Written with a flowing natural style that effortlessly draws you into Scout’s world, it deals with major issues of the day in a clear gritty way and it is also very funny. In the final storyline, it seems perfectly natural that Scout, dressed as a ham, should be walking home in the dark with Jem after a school event. The ham plays an important role in the end-game. In fact, it could be said that without the ham she would be dead.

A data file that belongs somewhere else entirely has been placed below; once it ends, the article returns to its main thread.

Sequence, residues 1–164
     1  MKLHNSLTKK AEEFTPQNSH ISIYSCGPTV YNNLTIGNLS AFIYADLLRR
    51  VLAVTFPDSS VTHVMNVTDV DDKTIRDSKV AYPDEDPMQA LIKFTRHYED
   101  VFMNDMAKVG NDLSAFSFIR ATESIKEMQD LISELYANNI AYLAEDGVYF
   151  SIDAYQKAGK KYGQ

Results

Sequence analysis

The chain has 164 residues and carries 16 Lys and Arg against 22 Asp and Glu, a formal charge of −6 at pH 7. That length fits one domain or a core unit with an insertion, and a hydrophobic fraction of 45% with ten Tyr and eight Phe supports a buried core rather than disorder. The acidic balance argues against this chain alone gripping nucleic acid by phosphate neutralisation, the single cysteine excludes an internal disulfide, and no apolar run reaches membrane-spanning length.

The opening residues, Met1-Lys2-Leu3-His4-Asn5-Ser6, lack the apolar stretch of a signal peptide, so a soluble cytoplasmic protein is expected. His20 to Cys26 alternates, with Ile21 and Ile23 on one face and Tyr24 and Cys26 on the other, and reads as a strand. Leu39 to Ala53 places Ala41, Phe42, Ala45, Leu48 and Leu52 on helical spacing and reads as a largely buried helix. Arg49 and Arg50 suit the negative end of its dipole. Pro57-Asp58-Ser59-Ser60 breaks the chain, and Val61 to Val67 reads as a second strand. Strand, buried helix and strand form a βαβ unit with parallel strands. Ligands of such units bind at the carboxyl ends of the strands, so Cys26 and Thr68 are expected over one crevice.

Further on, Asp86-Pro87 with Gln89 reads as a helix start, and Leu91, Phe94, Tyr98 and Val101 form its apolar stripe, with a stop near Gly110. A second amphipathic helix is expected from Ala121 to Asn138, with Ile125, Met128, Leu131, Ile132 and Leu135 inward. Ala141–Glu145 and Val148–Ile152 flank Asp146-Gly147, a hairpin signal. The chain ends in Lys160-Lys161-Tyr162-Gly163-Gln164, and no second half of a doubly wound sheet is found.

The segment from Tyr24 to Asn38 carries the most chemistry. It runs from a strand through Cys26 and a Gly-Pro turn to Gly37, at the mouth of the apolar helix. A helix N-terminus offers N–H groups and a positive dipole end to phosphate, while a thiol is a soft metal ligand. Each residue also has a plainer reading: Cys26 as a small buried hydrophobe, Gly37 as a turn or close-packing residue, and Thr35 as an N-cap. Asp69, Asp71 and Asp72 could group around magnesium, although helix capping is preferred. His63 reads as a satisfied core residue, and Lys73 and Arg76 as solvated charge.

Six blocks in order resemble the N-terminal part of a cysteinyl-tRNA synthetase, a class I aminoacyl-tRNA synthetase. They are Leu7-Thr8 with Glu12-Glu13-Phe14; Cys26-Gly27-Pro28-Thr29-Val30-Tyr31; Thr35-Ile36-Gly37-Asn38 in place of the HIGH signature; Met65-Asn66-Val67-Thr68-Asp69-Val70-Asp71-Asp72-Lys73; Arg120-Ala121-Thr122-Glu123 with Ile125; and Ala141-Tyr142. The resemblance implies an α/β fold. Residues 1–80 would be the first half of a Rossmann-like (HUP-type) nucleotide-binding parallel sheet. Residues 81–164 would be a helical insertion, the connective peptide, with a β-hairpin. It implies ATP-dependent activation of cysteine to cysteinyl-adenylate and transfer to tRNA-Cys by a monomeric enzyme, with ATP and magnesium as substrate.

Whilst encircled by sharply-observed descriptions of their neighbours and Dill’s obsession with trying to get the recluse Boo Radley to come out of his house, the book has at its core Atticus’ defence of a black man accused of raping a white woman. Bob Ewell, a poor white farmer living with his large brood of children in virtual destitution on the outskirts of the town, accuses his black neighbour Tom Robinson of raping his eldest daughter Mayella. By the time the trial starts, Atticus has already saved Tom from a lynching by a crowd of men who turn up at the jail where he is being held. Scout, Jem and Dill sneak out at night and arrive just before the men. Scout unknowingly defuses the anger in the men when she spots the father of a classmate and speaks to him about his son. Her innocence and kindness prompt Mr. Cunningham to tell the other men to go home. This scene is the start of Scout’s understanding that nothing is fair for black people. (NB: The book was written only five years after the well-publicised lynching of teenager Emmett Till in 1955.)